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NO ARCHITECTURE designs residence with five ascending pavilions on Red Mountain in Aspen
United States Architecture News - Aug 29, 2022 - 12:24 2850 views
New York City and Oregon-based architecture practice NO ARCHITECTURE has unveiled design for a new residence comprised of five timber pavilions that descend along the ridge of Red Mountain in Aspen, Colorado, United States.
Called Risingmountain, the 8,250-square-foot (766-square-metre) home, led by Andrew Heid, will replace an existing home at 376 Draw Drive, to create a new residence that appeals to the tastes and preferences of Aspen’s new guard.
The project is developed in collaboration with Steven Shane with Compass Colorado.
Each of the five pavilions orients differently to the surrounding views, extending over the natural topography and maximizing sun exposures with the rotations of the plan around the site
Once complete, the house will be Andrew Heid's largest residential project to date. Designed to grasp dramatic panoramic views from the sloping site in Aspen, a series of five terraced glass, stone, and timber pavilions that gently ascend along the mountain ridge by interlocking each other.
The architecture and interiors are derived from the architect's foundational "Matrix" approach, which is based on adapting homes to flexible lifestyles and integrating with the natural surroundings.
The name of the project "Risingmountain" was partially created using artificial intelligence with top word searches of potential buyers in technology, wellness, art, and fin-tech.
Roof overhangs sweep upwards toward views in every direction with a glass courtyard in each pavilion that create a visual connection to the sky, wind, rain, and snow
"Risingmountain showcases how we see younger generations buying in Aspen want to live, akin to the 20th century hillside modern residenNal building boom in Los Angeles while giving it a contemporary twist for the 21st century in Aspen," said Andrew Heid.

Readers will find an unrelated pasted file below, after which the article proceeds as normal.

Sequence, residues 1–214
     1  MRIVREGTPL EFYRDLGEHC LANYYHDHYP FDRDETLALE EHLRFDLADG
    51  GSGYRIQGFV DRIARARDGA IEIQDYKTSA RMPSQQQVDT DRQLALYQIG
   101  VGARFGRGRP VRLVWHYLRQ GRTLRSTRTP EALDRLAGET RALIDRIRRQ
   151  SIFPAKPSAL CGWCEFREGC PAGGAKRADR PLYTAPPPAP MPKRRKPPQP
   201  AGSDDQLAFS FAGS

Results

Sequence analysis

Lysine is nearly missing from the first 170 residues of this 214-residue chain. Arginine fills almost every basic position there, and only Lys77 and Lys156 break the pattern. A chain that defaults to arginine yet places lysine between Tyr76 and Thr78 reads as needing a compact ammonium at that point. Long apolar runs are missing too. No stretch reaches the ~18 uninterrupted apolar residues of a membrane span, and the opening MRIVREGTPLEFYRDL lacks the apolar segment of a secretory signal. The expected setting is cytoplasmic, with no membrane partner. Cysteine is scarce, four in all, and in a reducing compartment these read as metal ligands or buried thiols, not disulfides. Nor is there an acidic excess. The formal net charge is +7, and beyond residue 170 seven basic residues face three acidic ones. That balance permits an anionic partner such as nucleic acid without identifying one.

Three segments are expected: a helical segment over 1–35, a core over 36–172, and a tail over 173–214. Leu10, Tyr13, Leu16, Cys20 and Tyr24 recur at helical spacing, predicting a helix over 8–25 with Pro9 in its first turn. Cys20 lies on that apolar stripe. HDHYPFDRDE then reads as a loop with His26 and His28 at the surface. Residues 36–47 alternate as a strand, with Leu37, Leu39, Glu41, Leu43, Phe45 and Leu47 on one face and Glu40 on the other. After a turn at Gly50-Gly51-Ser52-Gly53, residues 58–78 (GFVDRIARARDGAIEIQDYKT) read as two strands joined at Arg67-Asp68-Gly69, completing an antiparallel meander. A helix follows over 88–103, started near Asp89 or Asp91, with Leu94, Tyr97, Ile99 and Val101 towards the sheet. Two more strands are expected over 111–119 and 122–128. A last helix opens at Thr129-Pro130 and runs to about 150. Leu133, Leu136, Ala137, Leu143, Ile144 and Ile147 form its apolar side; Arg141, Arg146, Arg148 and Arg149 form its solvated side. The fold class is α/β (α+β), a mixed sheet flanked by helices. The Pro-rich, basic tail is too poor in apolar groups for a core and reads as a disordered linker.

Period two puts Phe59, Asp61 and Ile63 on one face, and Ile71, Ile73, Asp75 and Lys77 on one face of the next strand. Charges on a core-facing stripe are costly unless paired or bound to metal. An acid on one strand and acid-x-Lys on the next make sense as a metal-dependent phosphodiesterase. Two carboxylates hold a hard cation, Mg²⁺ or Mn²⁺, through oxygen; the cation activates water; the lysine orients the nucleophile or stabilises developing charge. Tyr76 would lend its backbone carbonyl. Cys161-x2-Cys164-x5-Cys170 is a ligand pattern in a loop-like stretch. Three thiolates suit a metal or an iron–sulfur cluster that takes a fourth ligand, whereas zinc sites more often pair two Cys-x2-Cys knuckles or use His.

"The twist includes utilizing mass-timber construction for a house spanning 72-feet from top to bottom on a site with a 30% slope and featuring a 270-degree east to west view."
"It truly is a one-of-a-kind site and a dream residential project for me as an architect," Heid added.
Intimacy and warmth are introduced through interior wood floors and ceilings, locally sourced stone fireplaces and walls that wrap the perimeter where the pavilions carve into the mountain
Replacing an existing home at 376 Draw Drive, the goal of the project "is to create a spectacular residence that extends over the natural topography and maximizes sun exposure by rotating the plan across the site."
The pavilion-like residence presents intimacy and warmth which are introduced through interior wood floors and ceilings as well as, locally sourced stone fireplaces.
Non-glass walls wrap the perimeter where the pavilions carve into the mountain.
Expansive floor to ceiling glass windows creates an experience of the cantilevered terraces, exterior views and interiors as one integrated space. Roof overhangs sweep upwards toward views in every direction with a glass courtyard in each pavilion that create a visual connection to the sky, wind, rain, and snow.
With panoramic views, Risingmountain transforms daily life into an experience of aesthetic and spiritual harmony with nature and a unique sense of place in this singular site at 376 Draw Drive
The primary structure of each pavilion is constructed of carbon-sequestering mass that is sustainably sourced and prefabricated off site, and designed to net-zero and passive house energy standards to be energy efficient, or operate off-grid.
Risingmountain transforms daily life into an experience of aesthetic and spiritual harmony with nature and a unique sense of place in this singular site at 376 Draw Drive.
The property at 376 Draw Drive is available exclusively through Steven Shane with Compass Colorado LLC.
Courtyard House in Oregon and Flower House in Massachusetts are the two most recognized homes designed by Heid, an avid skier who studied architecture at Yale University and Princeton University.
He previously worked international architects David Adjaye, Rem Koolhaas, and Peter Eisenman. He is currently a Visiting Assistant Professor at Pratt Institute in New York City.
Top image: Expansive floor to ceiling glass windows create an experience of the cantilevered terraces, exterior views and interiors as one integrated space.
All images © NO ARCHITECTURE
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